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20 Freshest Web Designs, August 2020

In this month’s collection of the freshest web designs from the last four weeks the dominant trend is attention to detail. You’ll find plenty of animation, in fact, almost every one of these sites uses animation to a greater or lesser degree. Let’s dive in: Globekit Globekit is a tool that allows developers to quickly create animated and interactive globes and embed them on web pages. Its site features some exceptional 3D animation. Yolélé Yolélé is food company built around fonio, a West African super grain. Its site features a great page transition, and the landing page carousel is one of the few examples of horizontal scrolling we’ve seen work well. Begonia Begonia is a Taiwanese design agency with an impressive client list. Its site features animated typography, a super bold splash screen, and some surreal artwork. There’s so much here, it’s almost overwhelming. Next Big Thing Next Big Thing is an agency supporting the full lifecycle of start-ups. Its site is clearly targeting tech-based clients, and there are some lovely transitions. The masked hero transition on scroll is delightful. Proper We all have every reason for the odd sleepless night right now, but regular sleep is essential for our health. Proper offers sleep solutions from coaching to supplements on its subtly shaded site. The Oyster & Fish House The site for The Oyster & Fish House is packed with some delightful details. We love the subtle wave textures, the photography has a nostalgic feel, and the typography is perfectly sophisticated. Drink Sustainably Fat Tire produces America’s first certified carbon neutral beer, and Drink Sustainably has been produced to explain the concept. We love the vintage advertising style of the artwork. Treaty It seems like every week there’s a new CBD brand launching. What we like about Treaty’s site is the slick fullscreen video, the inclusion of botanical illustrations, and the really brave use of whitespace. Studio Louise You’re greeted on Studio Louise’s site by a shot of trees with two random shapes; as you scroll the shapes morph and relocate to the top right corner, and you suddenly realize they’re an “S” and an “L”, cue: smiles. Wünder Another site for a CBD product, this time a vibrantly branded sparkling beverage. Wünder’s site features enticing photography, an on-trend color palette, and credible typography. Seal + Co Some professions lend themselves to exciting, aspirational sites, and some companies are accountancy…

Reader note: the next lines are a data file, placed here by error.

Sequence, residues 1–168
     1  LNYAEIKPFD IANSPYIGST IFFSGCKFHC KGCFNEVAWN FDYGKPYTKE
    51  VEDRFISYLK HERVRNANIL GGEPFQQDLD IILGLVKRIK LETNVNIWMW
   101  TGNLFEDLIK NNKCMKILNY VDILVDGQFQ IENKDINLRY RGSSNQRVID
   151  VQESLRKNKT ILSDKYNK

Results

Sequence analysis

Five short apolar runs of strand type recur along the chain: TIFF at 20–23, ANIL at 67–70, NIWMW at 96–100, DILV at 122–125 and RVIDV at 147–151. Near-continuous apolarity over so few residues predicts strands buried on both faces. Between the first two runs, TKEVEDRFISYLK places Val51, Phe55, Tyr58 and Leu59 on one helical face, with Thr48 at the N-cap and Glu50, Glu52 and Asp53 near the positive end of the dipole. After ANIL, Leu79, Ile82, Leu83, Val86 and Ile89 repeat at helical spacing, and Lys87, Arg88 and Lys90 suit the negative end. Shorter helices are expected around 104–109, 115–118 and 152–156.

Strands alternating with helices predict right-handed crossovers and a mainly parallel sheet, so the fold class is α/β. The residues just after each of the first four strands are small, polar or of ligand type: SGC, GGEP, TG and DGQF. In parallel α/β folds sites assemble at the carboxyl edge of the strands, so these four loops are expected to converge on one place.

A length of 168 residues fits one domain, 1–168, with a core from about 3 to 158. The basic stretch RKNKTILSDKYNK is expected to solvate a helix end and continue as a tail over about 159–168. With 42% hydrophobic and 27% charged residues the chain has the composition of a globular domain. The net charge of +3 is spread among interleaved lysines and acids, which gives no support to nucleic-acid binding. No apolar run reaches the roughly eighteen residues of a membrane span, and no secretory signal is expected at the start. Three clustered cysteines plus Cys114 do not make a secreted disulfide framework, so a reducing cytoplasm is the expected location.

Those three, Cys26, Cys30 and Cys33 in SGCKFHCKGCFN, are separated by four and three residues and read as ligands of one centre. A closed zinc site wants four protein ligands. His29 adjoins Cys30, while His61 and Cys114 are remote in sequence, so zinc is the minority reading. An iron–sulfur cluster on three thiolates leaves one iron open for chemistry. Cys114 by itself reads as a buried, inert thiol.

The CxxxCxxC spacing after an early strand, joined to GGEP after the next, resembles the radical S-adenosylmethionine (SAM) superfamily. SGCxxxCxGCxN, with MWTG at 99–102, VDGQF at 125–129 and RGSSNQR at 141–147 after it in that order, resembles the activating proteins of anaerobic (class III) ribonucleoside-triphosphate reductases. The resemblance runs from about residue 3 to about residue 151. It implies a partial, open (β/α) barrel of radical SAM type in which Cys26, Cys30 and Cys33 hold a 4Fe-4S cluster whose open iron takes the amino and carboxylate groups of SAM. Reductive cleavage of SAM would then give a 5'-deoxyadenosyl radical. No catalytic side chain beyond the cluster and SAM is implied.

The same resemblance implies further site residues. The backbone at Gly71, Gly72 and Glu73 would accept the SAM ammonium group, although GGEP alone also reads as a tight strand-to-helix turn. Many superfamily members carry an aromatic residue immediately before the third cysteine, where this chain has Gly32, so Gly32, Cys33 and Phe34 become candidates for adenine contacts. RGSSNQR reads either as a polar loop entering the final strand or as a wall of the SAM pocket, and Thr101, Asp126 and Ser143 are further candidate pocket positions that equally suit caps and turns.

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Interview: Redesigning the Empire State Building’s Website

In 2019, to keep pace with an interior redesign of its visitor experience, the Empire State Building decided to redesign its website. Blue Fountain Media were engaged to deliver the project. With the new site launching, we spoke to Head of Design, Tatyana Khamdamova about designing for the world’s most famous building. Webdesigner Depot: The Empire State Building is probably the most iconic building in America, if not the world. Were there any points at which you thought, “Oh God, this is too much pressure”? Tatyana Khamdamova: Yes, of course, it was a lot of pressure knowing that people all over the world will be looking at your work. But with the pressure, we also felt excitement and pride that we got to work on such an iconic project. Just thinking that we are doing the site for Empire State Building made us feel proud of all that other work we did during our whole life that gave us the opportunity to be a part of this project. WD: Blue Fountain Media is a large agency. Did you utilize the whole company, or was there a smaller, dedicated team tasked with creating the site? TK: On a project like this one, you need the expertise of the team members from all departments in the agency. You want people to work together from the beginning to ensure that their knowledge helps to shape the project and produce the best possible outcome. It’s important for designers and marketers, for example, to be a part of the strategy and UX phase to provide their input which minimizes tunnel vision and generates more ideas. You can only achieve the best results if every single detail from strategy to design to development is done right. WD: That’s a lot of people to coordinate. Did any roles naturally come to the fore, or is design leadership a quality that varies from person to person? TK: Some people are natural leaders in their fields. But, sometimes a certain project requires people to take responsibility and show their leadership skills within the team. So I would say that it’s a quality that varies from person to person and doesn’t depend on a role or a title at all. WD: What were the central aims of the redesign? TK: ESB’s previous website did not reflect the level of design to match their iconic brand, UX was not user friendly,…

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3 Essential Design Trends, August 2020